A walk across is the Town Hall , built in 1813, in Doric style of architecture. It is now the City Magistrate’s Office.Don’t let the riverfront mesmerize you yet !Between the Town Hall and the Strand is the Calcutta High Court , scene of legendary legal battles. Completed in 1872, the Gothic architectural style was copied from the Staadhans at Ypres, Belgium. The tower measures 55 mts.

The Howrah Bridge and the Vidyasagar Setu frame the skyline of the riverfront. The ambience is as amicable and profound as the river that flows alongside.But, turn back to your trail of discovery. Dalhousie Square was the administrative centre for British India. On one side is the General Post Office, a majestic specimen of Edwardian architecture. It is built on the site of the original Fort William. On the other side stands Writers’ Building , a massive Gothic structure with lonic pillars – still the house of political power.

The dulcet whispers of history echo through the old mansions of Hindu aristocrats in North Calcutta. One such old house, Tagore House, at Jorasanko, is the birth place of Rabindranath Tagore, India’s greatest modern poet. Converted to Rabindra Bharati University, it is now a centre for Indian Classical Fine Arts.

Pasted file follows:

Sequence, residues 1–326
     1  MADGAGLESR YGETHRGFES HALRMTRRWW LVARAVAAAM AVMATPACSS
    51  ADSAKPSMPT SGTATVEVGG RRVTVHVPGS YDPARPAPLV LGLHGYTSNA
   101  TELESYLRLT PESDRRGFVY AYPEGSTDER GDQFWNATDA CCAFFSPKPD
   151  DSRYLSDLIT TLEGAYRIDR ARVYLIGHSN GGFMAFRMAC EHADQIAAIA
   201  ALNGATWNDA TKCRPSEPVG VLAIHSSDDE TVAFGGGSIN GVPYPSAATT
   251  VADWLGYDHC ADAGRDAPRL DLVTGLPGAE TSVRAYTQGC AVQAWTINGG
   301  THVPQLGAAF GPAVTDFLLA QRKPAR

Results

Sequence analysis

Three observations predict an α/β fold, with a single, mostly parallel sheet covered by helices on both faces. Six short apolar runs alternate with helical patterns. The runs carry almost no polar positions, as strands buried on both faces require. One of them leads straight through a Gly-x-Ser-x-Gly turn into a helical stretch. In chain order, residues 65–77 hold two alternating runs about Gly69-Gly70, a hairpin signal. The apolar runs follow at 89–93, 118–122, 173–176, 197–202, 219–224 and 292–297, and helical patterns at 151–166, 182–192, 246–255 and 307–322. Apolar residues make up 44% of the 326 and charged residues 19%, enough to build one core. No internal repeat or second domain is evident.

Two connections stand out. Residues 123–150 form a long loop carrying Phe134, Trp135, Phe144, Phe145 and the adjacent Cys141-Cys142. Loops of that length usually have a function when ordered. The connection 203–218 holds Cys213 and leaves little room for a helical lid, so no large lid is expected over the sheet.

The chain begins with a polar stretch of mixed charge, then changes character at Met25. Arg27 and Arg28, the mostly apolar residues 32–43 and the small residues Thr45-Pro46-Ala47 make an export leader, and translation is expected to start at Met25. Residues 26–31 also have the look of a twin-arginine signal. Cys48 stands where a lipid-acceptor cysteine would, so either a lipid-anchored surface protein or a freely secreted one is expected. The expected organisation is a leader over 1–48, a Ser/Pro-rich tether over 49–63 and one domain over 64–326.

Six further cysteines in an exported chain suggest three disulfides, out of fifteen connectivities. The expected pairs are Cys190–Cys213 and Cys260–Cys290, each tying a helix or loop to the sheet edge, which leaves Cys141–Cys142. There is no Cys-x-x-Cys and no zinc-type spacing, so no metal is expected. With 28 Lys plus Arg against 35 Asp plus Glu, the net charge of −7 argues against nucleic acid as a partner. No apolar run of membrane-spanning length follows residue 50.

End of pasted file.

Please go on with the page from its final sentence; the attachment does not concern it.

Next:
At Chorbagan is the Marble Palace built in 1840 by Raja Rajendra Mullick, now a museum. Spend your afternoon among precious objects d’art including works of Rubens and Sir Joshua Reynolds.When tired, take a tram ride along Red Road with the green expanse of the Maidan around you. The perfect antidote.

A little away, in the south of Calcutta, is a stately mansion. Once home of the British Viceroys, Belvedere House is now the National Library. It houses over a million books and is the biggest in India.A must is a day spent at Science City. Pick your special thrill at this exposition park. A space theatre, space flight simulator, recreated Jurassic forest, aviary and butterfly corner and much more !